On a European level, two significant breakthroughs were achieved in energy policy during the summer: the European target for the share of renewable energies in the electricity supply will be increased to 32 percent by 2030. In addition, EU-member states are obliged to submit detailed plans by the end of 2019 regarding the deployment of renewables to contribute to achieve the EU-wide target of 32 percent.
This includes a five years’ visibility on future auction timetable and volumes. Member states cannot change their energy policies on a year-to-year basis, hence more reliability can be achieved for the companies and capital cost can be reduced, due to less regulatory risk.
After the general election in Germany, it took quite a while to form a new government. An ambitious attempt to form a ‘Jamaica’-Coalition (Conservative-Black, Liberal-Yellow and Green) failed, so that a new version of the old government was formed by the Conservatives and the Social Democrats. Many hopes for an ambitious renewable, yet market-oriented energy policy were buried. In spite of the bleak expectations of most observers, the coalition agreement included some very ambitious cornerstones, such as a 65 percent target for renewable energies in the electricity sector, 4 GW extra volume for wind onshore, PV and a, not further defined, ‘contribution’ of offshore wind.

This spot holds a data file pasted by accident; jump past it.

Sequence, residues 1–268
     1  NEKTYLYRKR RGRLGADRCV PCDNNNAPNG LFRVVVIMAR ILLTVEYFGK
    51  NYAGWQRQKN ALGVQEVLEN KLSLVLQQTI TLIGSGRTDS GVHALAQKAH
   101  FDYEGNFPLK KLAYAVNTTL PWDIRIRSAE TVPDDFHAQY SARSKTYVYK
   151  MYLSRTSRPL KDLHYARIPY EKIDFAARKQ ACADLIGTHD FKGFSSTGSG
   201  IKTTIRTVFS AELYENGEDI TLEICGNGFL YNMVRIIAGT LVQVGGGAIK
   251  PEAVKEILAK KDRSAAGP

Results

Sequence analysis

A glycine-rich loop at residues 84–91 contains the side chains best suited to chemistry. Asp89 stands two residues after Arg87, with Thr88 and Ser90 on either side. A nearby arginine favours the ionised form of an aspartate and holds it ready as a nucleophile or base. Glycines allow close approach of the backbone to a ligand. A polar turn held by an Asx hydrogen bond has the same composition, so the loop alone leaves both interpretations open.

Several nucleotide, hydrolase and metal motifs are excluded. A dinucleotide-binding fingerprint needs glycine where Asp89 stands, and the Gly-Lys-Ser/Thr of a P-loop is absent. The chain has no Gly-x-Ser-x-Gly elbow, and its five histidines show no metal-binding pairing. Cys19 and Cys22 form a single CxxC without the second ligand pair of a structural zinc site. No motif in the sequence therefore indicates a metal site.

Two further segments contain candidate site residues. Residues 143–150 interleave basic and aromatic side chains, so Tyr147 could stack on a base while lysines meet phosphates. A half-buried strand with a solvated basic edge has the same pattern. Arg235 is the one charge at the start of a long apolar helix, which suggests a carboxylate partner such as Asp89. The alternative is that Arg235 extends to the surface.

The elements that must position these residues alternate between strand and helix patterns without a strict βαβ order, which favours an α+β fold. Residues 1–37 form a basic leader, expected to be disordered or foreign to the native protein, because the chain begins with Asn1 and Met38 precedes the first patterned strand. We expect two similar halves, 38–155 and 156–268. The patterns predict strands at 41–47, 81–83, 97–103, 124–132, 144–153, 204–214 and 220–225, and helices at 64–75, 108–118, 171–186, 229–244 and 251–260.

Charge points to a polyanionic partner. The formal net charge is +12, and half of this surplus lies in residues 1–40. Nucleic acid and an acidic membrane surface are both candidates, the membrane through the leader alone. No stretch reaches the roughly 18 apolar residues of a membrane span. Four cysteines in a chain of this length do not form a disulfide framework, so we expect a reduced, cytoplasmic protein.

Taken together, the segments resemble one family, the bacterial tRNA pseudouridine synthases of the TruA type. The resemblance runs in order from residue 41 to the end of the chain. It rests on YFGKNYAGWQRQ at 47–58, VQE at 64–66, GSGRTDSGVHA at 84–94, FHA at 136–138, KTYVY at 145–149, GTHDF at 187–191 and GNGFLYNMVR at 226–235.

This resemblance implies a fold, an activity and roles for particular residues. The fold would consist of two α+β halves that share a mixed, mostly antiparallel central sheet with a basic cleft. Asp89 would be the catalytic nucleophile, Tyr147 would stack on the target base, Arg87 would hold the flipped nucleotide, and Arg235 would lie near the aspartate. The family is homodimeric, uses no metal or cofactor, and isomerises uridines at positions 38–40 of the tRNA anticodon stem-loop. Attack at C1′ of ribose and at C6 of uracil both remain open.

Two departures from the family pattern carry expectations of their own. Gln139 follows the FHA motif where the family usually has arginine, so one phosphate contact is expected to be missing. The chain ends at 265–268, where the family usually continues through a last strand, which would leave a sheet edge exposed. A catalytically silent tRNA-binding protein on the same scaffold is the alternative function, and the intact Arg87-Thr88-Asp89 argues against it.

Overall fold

These targets of the coalition agreement in Germany and the EU’s new energy policy framework are in tune. The clarity and long-term visibility in EU-legislation is crucial for companies to invest in manufacturing, supply chain, skills as well as in research and development. What the industry needs now, is a stringent implementation in tender quantities and growth figures.
The path to 65 percent renewables is all but cleared: ongoing discussions about the interpretation and implementation of the wording in the coalition agreement between the parties keep up an extreme level of insecurity and jeopardize its success as a whole.